A home office can bring significant deductions, if you remember to claim them
Robert Gauthier, is one of the top marketing strategists on the Quebec scene, who over the years has seen and done it all. But don't ask him about his income taxes.
"You want to know how much I deduct for office expenses?" Gauthier asked. "To be honest, I don't have a clue. I just give all that to my accountant and he takes care of it."
Gauthier runs a consulting business out of his Laval house and is typical of the millions of Canadians who are increasingly using home offices, whether they be self-employed, home workers, or merely traditional employees that take their work home at night.
Although many extol the benefits of a home office, few are aware of the often-considerable tax benefits they can provide. "There are a lot of advantages of working at home," said Gauthier. "You save money on rent, you avoid company politics and you don't waste a lot of time in traffic."
Gauthier does spend a fair amount of time on the road meeting clients, but he drives in off peak hours. That time saved is crucial, because he works between 55 and 60 hours a week. But while Gauthier may not worry about the tax consequences of working at home, according to one accountant it pays to familiarize yourself with the nitty-gritty.
"The laws regarding tax deductions for home offices are tricky," said Michel Trudel, a chartered accountant and partner in the firm Fauteux, Bruno, Bussière, Leewarden. "If you don't watch out, you might either forget to make deductions, or you might make disallowed deductions by mistake."
Trudel is not kidding. Life almost all tax provisions, those dealing home offices are filled with technical jargon, multiple cross-references, exceptions and double negatives, making them hard for the layman to understand.
But it pays to try. According to Martel, the tax code makes a distinction between those who operate a business out of their home, and those who are employed elsewhere who merely have a home office.
"In general the system favors those who generate income from their home," Trudel said. "Those who have home businesses benefit more than those who work out of their house but are employed elsewhere."
According to Martel, those who run a business out of their house can deduct a portion of traditional household expenses such as municipal taxes, heating, electricity and mortgage interest. The proportion is based on the amount of square feet used exclusively for business purposes.
For example someone with a 1,000 square feet of living space in their house, who used a 100 square foot office exclusively for work could deduct 10 per cent of allowable household expenses.
But Martel stresses two points. The first is that the space must be used exclusively for business purposes. That means those who are thinking about deducting the cost of their living room, because they occasionally meet a client there, had better forget it.
Martel also counsels those making deductions to keep all relevant receipts for at least six years, in case these expenses need to be justified to an auditor.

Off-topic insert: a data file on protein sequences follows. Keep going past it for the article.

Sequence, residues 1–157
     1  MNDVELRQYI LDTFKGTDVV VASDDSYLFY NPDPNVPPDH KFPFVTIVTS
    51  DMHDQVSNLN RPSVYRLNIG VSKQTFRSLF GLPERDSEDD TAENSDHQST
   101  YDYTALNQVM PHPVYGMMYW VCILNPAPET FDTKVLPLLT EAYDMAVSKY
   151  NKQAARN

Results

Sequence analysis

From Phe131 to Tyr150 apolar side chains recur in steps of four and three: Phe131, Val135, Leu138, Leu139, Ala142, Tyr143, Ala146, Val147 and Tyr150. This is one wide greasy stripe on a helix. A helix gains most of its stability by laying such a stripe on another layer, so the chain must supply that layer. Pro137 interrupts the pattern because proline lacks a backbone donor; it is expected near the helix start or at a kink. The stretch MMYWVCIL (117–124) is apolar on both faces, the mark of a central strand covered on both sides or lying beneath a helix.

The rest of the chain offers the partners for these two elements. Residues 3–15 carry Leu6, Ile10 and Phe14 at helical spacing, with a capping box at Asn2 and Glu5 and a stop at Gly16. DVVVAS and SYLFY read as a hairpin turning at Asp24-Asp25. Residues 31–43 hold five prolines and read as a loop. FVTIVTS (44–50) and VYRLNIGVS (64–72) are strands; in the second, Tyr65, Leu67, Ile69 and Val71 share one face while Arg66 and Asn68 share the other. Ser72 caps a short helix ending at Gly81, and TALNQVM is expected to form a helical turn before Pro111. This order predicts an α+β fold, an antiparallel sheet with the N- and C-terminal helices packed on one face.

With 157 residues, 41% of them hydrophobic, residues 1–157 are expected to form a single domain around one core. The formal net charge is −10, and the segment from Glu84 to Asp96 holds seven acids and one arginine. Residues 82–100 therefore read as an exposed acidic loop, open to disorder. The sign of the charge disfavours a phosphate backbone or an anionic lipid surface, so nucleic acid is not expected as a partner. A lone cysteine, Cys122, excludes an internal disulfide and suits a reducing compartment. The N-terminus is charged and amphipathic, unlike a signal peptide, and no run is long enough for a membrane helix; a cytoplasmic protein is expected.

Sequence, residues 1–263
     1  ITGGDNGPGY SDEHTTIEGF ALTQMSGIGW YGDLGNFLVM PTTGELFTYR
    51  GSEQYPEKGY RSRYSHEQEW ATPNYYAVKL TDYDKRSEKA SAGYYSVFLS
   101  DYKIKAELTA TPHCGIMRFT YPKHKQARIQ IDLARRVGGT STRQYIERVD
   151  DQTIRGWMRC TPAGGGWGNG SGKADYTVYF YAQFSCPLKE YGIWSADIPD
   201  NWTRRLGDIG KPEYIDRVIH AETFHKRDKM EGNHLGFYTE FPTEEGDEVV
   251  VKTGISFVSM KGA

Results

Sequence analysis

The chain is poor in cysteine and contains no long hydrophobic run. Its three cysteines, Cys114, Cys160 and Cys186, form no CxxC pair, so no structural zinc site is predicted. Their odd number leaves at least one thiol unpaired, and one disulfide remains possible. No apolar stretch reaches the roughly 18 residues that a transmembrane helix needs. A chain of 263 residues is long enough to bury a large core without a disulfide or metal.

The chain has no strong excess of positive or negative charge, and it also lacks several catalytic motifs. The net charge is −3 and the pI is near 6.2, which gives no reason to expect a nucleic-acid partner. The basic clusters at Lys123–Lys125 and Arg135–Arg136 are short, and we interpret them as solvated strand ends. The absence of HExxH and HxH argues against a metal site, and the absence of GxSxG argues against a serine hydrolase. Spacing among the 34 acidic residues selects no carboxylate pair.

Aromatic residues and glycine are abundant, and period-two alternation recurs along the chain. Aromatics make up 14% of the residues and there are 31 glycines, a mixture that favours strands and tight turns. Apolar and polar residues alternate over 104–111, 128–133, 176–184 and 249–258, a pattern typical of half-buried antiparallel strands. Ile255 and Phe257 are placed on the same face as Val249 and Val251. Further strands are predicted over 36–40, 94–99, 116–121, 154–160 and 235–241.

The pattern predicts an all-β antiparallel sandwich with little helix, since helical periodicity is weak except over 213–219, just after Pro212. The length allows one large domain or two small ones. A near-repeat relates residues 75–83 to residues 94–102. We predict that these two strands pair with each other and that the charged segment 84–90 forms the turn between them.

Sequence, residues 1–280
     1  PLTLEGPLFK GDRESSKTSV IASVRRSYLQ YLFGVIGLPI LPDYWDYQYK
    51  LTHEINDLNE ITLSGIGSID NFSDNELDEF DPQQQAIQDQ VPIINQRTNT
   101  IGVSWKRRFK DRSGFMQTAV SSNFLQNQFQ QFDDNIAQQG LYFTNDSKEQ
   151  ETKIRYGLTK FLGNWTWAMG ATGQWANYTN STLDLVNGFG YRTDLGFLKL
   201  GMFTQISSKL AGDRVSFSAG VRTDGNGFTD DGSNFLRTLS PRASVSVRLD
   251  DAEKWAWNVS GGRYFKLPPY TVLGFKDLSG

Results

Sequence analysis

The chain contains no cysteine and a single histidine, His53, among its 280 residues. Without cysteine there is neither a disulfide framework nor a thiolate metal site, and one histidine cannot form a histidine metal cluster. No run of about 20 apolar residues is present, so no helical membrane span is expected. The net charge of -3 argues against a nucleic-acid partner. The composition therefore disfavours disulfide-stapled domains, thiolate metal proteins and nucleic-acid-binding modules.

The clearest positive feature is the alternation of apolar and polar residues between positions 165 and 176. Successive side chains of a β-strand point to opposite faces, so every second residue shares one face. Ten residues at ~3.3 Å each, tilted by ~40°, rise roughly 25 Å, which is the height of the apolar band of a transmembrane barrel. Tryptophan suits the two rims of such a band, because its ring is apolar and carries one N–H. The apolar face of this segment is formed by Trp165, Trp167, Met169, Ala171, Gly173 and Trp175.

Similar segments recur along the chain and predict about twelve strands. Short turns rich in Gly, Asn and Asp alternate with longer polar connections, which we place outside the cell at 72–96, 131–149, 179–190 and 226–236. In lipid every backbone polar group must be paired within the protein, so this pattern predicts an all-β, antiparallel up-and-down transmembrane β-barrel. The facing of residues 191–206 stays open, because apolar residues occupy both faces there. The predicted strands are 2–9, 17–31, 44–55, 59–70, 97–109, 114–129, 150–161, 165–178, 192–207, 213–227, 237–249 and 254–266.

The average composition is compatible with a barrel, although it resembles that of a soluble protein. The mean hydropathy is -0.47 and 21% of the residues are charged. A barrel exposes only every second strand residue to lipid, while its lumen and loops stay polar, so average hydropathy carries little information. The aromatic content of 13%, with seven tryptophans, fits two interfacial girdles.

One allowable expense that Martel advises clients not to deduct is depreciation. Clients that do so will have to reverse the deduction when they sell the home through a process called recaptured depreciation, and they will be ineligible for the capital gains exemption on that portion of their home.
Martel also cautions that home office deductions cannot be used to create a business loss. "If you have someone that earns $300 am year running an Amway distributorship out of their house, and they think that they can deduct $3,000 of home office expenses, they had better think again."
Unfortunately those who have traditional jobs, yet who work at home are ineligible to deduct traditional expenses associated with owning a home said Martel, the one exception being commissioned salesmen. Ironically those who rent an apartment can deduct a portion.
However if the employer files a special notice with tax authorities, those with traditional jobs who work at home, can deduct other expenses associated with home offices such as equipment, furniture and a computer.
They can also deduct a part of their home phone line, Internet and fax connections, based on the percentage of time they are used for business purposes.
Quantifying the number of Canadians using a home office is not easy because there aren't any precise statistics. However a good starting point would be to take the 2.3 million Canadians who according to Statistics Canada, worked for themselves during 2002, yet had no employees.
The total does not include those who are self-employed who rent offices outside the home, nor does it include those who are employed elsewhere yet work out of their home. But whatever the total number of Canadians with home offices is, it's a lot. And experts say the number is growing.
"The workforce is getting older, and many people are getting ready to retire," Gauthier said. "But companies still need the skills that they provide. So you are going to see a lot more part-time home workers in the future."
For more information about the tax consequences of using home offices, check out CCRA's Web-site at: www.ccra.gov.ca
Sidebar: Tax deductions for home offices to Michel Trudel
People who operate businesses out of their houses can deduct a portion of their costs based on the portion of space they use for business purposes.
o In general these costs include mortgage interest, power,
heating, municipal taxes.
In general the tax laws governing deductions for home offices for employees who have full-time jobs are strict.
o Employees cannot deduct the costs associated with the home
office such as mortgage interest, depreciation, insurance heating,
taxes and so on. Rent however can be deducted.
|© 2002 Peter Diekmeyer Communications Inc.|